Cold-hating Britons seeking last-minute sunshine abroad are set to help easyJet almost halve its first-half losses.
The UK and Europe’s particularly cold winter and sub-zero temperatures at the start of spring was not all good news for the budget carrier: snow meant it cancelled more flights than usual, holding capacity growth to 3.3 per cent rather than the expected 3.5 per cent for the six months to April, according to its first trading update as a FTSE 100 company.
But easyJet also cashed in on the big freeze, as a rash of late bookings for Easter to winter sunspots including Egypt’s Sharm el Sheikh and Madeira in Portugal raised sales. The airline’s prices are also higher when passengers book closer to take-off time. “Poor weather across the UK and northern Europe stimulated strong bookings in the last few weeks of the first half of the financial year,” chief executive Carolyn McCall said.
EasyJet’s pre-tax loss for the six months to April will be between £60m and £65m, sharply down from its £112m dive into the red this time last year.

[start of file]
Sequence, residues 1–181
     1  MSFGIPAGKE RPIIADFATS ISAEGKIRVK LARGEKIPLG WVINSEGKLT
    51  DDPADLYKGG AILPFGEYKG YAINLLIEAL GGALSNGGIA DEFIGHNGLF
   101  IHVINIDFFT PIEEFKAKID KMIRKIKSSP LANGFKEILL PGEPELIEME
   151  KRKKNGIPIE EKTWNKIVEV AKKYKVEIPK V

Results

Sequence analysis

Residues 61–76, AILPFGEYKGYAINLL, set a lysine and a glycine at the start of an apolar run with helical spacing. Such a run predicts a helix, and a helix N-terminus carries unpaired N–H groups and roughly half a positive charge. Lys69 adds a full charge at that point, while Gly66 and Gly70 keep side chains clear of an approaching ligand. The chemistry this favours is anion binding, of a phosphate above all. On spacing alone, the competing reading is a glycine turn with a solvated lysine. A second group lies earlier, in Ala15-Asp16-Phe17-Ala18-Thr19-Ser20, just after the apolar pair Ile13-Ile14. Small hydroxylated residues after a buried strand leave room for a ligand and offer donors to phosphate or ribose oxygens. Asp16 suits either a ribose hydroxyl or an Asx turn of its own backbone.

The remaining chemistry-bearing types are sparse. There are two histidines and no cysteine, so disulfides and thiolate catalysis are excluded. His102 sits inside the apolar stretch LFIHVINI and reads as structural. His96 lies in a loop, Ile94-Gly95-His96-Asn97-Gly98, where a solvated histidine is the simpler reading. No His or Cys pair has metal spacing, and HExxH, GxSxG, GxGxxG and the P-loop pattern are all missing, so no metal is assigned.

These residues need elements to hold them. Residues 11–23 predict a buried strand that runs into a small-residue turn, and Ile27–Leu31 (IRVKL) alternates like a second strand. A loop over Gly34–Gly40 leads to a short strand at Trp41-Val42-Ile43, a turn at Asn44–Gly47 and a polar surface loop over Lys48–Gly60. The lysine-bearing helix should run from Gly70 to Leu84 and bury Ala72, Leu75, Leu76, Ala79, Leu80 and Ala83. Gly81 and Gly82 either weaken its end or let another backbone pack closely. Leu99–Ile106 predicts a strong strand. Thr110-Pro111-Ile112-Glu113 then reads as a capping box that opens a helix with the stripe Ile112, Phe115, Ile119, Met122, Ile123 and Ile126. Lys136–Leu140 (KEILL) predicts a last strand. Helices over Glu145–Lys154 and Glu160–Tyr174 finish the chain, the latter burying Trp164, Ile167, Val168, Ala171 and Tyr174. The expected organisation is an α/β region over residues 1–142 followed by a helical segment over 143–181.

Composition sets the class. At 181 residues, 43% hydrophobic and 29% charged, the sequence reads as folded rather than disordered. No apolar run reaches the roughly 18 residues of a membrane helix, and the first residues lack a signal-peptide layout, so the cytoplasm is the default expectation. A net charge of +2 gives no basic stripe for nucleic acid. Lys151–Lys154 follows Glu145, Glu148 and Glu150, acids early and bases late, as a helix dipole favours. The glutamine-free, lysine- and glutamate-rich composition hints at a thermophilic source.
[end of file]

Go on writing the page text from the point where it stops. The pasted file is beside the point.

The early Easter also boosted the carrier’s results, and it said that good snow across Europe’s ski resorts for the last two months had also meant stronger than usual sales on its Geneva route, a gateway to the French Alps.
The current cold snap has even seen more passengers than usual booking flights for sunny destinations for October and November this year, an airline spokesman said, plus “very healthy bookings” for the February school half-term in 2014.
But easyJet shares faced a descent from their recent record highs – they were hovering at just under £4 when McCall took over in July 2010 before exceeding £11 this year – falling 6 per cent, or 70p, to close at 1,027p on Friday.
“Technical signals are beginning to suggest traders losing interest, questioning whether this flight has gone too far and the shares are running out of fuel,” Mike van Dulken at Accendo said. But McCall focused on the airline’s performance and “our disciplined approach to capacity deployment and a focus on cost management.”
The chief executive also exercised existing options to place an order for three new Airbus A320 jets yesterday, whilst the airline is still mulling another large plane order which easyJet founder Sir Stelios Haji-Ioannou has vehemently opposed.Reuse content